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Genetics. 2003 Feb;163(2):771-87.

Quantitative trait loci responsible for variation in sexually dimorphic traits in Drosophila melanogaster.

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Howard Hughes Medical Institute and Laboratory of Molecular Biology, University of Wisconsin, Madison, Wisconsin 53706, USA.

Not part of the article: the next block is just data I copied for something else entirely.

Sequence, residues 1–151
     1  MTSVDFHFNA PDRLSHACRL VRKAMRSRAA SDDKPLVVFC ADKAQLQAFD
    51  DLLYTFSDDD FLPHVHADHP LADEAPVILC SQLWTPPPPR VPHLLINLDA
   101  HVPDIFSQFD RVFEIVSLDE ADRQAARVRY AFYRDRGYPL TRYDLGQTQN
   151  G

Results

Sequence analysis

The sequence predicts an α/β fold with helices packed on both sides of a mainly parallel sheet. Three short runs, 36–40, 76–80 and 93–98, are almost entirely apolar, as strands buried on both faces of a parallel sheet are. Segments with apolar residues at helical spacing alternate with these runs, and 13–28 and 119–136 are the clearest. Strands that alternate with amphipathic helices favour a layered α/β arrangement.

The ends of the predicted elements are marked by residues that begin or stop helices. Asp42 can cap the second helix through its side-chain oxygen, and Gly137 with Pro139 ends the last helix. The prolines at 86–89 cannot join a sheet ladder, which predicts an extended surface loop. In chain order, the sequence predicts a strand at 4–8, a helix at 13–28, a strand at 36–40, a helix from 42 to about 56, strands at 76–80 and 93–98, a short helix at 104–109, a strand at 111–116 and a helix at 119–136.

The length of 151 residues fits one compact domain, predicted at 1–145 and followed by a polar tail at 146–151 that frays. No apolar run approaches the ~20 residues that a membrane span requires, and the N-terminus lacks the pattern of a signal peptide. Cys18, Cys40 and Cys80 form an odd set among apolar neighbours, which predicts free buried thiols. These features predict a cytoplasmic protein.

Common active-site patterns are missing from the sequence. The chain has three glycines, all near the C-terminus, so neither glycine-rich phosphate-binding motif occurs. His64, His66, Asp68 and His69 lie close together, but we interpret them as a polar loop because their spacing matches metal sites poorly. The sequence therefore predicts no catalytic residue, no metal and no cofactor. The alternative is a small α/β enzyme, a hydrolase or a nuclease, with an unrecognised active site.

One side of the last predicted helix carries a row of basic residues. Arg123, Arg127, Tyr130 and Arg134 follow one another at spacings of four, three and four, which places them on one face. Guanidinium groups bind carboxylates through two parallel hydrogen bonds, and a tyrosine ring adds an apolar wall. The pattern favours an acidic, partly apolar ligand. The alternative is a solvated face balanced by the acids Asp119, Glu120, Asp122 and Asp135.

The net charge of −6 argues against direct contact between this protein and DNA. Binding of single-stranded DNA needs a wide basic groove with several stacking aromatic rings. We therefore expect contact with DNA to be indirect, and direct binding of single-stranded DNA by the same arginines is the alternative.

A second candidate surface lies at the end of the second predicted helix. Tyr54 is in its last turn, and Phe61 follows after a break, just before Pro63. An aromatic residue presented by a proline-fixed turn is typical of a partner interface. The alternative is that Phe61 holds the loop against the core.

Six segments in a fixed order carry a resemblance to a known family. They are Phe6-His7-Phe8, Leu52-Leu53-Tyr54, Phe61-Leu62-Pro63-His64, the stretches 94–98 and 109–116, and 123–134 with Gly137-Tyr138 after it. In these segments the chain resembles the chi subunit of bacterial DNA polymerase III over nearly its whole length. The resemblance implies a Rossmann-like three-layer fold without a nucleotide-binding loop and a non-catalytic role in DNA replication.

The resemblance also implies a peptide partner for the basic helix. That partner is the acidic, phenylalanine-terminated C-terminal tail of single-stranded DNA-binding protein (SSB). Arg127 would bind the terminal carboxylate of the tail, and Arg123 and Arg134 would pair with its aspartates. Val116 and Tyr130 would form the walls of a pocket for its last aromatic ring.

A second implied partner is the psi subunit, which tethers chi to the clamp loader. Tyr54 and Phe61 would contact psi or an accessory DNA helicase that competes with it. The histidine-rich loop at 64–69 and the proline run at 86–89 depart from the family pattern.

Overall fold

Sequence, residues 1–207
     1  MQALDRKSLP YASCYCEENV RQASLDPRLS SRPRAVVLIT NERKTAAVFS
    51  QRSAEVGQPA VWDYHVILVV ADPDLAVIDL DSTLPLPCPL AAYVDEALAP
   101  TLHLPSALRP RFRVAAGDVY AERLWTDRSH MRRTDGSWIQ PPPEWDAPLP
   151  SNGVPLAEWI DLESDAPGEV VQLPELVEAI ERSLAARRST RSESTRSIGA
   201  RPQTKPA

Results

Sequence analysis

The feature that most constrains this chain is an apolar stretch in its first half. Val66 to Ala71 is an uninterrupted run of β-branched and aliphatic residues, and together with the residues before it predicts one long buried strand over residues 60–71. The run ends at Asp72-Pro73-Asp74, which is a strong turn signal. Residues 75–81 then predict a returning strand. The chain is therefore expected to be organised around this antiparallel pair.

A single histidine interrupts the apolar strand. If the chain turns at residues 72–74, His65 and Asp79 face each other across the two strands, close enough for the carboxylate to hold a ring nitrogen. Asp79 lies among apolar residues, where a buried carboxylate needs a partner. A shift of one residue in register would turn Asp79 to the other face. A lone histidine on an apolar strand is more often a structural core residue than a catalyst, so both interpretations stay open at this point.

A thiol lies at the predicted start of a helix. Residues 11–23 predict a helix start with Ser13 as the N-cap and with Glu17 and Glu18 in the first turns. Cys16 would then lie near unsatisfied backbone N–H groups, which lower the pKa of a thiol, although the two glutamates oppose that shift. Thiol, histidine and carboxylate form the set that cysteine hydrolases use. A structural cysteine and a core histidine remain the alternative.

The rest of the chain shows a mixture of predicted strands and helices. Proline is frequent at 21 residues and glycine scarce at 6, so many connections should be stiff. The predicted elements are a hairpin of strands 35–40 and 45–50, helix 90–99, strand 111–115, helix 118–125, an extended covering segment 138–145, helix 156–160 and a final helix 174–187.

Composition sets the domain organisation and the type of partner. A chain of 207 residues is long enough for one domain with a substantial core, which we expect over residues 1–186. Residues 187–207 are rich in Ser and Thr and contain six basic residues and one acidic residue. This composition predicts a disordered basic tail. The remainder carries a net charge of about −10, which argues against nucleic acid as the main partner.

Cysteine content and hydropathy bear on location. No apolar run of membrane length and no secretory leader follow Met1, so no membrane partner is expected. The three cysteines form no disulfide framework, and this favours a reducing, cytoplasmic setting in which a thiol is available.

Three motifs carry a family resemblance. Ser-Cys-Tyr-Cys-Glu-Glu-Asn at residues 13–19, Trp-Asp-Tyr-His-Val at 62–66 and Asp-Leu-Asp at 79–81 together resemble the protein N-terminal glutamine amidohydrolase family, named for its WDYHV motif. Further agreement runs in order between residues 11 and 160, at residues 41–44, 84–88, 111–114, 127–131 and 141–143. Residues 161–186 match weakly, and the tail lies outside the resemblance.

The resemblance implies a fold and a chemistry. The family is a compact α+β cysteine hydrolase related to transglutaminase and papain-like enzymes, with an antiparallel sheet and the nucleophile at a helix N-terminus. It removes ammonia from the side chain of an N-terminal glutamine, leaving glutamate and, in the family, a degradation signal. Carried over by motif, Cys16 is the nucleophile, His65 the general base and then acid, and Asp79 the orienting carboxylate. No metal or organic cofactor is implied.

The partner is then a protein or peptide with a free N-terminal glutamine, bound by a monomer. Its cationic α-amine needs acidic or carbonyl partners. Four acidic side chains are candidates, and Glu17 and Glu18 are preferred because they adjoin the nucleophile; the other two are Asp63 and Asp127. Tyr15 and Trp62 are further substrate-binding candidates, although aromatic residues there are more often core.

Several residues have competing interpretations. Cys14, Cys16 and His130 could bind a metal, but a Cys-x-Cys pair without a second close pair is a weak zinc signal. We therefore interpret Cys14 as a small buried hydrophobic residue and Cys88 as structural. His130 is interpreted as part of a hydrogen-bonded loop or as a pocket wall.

To understand the mechanisms of morphological evolution and species divergence, it is essential to elucidate the genetic basis of variation in natural populations. Sexually dimorphic characters, which evolve rapidly both within and among species, present attractive models for addressing these questions. In this report, we map quantitative trait loci (QTL) responsible for variation in sexually dimorphic traits (abdominal pigmentation and the number of ventral abdominal bristles and sex comb teeth) in a natural population of Drosophila melanogaster. To capture the pattern of genetic variation present in the wild, a panel of recombinant inbred lines was created from two heterozygous flies taken directly from nature. High-resolution mapping was made possible by cytological markers at the average density of one per 2 cM. We have used a new Bayesian algorithm that allows QTL mapping based on all markers simultaneously. With this approach, we were able to detect small-effect QTL that were not evident in single-marker analyses. Our results show that at least for some sexually dimorphic traits, a small number of QTL account for the majority of genetic variation. The three strongest QTL account for >60% of variation in the number of ventral abdominal bristles. Strikingly, a single QTL accounts for almost 60% of variation in female abdominal pigmentation. This QTL maps to the chromosomal region that Robertson et al. have found to affect female abdominal pigmentation in other populations of D. melanogaster. Using quantitative complementation tests, we demonstrate that this QTL is allelic to the bric a brac gene, whose expression has previously been shown to correlate with interspecific differences in pigmentation. Multiple bab alleles that confer distinct phenotypes appear to segregate in natural populations at appreciable frequencies, suggesting that intraspecific and interspecific variation in abdominal pigmentation may share a similar genetic basis.

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